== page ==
Aureole etc.




Golden Age singers

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If it’s the Czech works you’re after, do not hesitate

  Founder: Len Mullenger
Classical Editor: Rob Barnett

Claudio MONTEVERDI (1567-1643)
Madrigals Book 2 (1590) (Complete)
Delitae Musicae/Marco Longhini
Recorded in the Chiesa di San Briccio, Verona, Italy, July 2001
NAXOS 8.555308 [62.24]
Madrigals Book 3 (1592) (Complete)
Delitae Musicae/Marco Longhini
Recorded in the Chiesa di San Pietro in Vincoli, Azzago, Verona, Italy, May 2002
NAXOS 8.555309 [69.06]



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I can remember a time, and no doubt readers can as well, when Monteverdi's madrigals were mostly available through anthologies. These usually featured regularly performed items from books four to eight. Then came 'The Consort of Musick' under Anthony Rooley who, with the support first of L'Oiseau Lyre and later of Virgin, recorded all eight books. Now, we have the excitement of several different early music groups tackling this never-endingly fascinating repertoire. There is a huge choice in the catalogue.

Delitae Musicae under the experienced Italian early music specialist Marco Longhini have recorded the first three books for Naxos and will, presumably record the remaining books. Their approach is unique: the voices are all male. To quote Marco Longhini's notes: "We know that women used to sing secular (not sacred) music at Italian courts, but in our opinion this may well have been the exception rather than the rule; we wanted, with philological accuracy, to offer an interesting alternative to previous recordings". So the question is: ‘does it come off?’

There is another factor however which is not unique but certainly unusual: the use of certain carefully chosen instruments - lutes, harpsichord and bass viol. This needs to be thrown into the equation. Longhini again: "... we have chosen to work with a basso seguente accompaniment, mean tone temperament and male altos to be consistent with the interpretation decisions discussed in the previous album." One should read his notes for Book 1 to grasp further details. Because male voices are used most of the madrigals are transposed down, certainly a whole tone and often a minor third. This works well when a darker tone is needed. However not all madrigals are suited to this tuning: for example 'Se tu mi lasso' in Book 2. The lower pitch does however allow us to enjoy even more the superb basso profundo of Walter Testolin when below the clef.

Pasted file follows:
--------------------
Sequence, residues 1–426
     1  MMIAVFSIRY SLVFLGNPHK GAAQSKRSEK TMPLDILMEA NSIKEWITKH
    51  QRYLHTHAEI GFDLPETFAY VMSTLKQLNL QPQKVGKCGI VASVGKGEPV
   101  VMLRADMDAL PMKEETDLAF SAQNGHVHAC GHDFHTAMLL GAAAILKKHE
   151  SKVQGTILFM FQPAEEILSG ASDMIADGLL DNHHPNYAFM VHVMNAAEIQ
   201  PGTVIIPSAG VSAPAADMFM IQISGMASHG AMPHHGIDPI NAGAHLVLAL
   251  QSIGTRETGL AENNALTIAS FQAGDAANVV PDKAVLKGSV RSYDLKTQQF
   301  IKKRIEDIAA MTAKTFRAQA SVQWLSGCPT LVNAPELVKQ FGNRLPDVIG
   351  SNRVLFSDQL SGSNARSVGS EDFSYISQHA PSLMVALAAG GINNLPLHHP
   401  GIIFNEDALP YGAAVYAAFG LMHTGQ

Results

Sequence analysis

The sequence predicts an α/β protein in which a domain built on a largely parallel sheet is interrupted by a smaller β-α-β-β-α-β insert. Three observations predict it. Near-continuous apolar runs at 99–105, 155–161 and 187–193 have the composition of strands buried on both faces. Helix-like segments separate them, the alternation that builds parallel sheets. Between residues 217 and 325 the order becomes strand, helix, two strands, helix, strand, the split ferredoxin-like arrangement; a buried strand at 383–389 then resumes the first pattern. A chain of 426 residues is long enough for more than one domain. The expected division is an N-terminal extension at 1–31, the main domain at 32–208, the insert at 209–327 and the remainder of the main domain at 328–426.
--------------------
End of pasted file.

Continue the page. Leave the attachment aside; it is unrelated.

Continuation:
Like all interpretations the results are not always satisfactory and in my view some odd decisions have occasionally been made, but performers must experiment, and record their experiments to allow listeners as well as themselves to attempt to reach further conclusions. It would be a poor world indeed if performers were too hand-tied by scholars, critics or record companies to try out new ideas.

Book 2 includes settings of poems by the great and influential Torquato Tasso as well as Casone, Alberti and Bentivoglio. It opens with a double madrigal 'Non si levava' going into 'E dicea l'una sospirando'. Book 3 takes this even further with the innovation of two triple madrigal sets using words from Tasso's 'Gerusalemme liberata'. These are well spaced in the collection and in their intensity represent a major landmark in Monteverdi's development.